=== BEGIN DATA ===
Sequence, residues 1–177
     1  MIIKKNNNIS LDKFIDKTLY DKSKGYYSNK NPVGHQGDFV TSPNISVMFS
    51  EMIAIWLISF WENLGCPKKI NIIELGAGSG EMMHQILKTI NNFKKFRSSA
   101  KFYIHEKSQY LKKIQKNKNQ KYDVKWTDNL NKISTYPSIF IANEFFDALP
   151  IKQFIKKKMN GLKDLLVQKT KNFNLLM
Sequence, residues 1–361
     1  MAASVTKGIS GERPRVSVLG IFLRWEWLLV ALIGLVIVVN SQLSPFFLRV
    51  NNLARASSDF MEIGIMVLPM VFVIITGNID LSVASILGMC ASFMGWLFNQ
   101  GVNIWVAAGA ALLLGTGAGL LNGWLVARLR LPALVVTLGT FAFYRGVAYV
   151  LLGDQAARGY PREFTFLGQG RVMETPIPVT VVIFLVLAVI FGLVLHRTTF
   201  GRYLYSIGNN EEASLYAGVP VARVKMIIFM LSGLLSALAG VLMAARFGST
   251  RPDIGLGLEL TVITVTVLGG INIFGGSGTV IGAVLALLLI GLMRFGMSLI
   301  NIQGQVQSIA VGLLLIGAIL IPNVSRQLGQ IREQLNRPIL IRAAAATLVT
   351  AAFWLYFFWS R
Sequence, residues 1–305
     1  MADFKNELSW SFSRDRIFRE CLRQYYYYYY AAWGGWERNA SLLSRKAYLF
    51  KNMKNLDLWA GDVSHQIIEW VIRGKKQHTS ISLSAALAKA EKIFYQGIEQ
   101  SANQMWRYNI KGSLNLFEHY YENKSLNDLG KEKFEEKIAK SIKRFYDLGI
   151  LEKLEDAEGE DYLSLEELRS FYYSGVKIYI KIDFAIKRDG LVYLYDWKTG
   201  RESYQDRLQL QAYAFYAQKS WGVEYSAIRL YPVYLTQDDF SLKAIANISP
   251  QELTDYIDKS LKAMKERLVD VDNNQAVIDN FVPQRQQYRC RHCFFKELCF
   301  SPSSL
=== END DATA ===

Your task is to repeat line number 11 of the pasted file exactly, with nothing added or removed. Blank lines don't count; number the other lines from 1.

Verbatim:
   201  GRYLYSIGNN EEASLYAGVP VARVKMIIFM LSGLLSALAG VLMAARFGST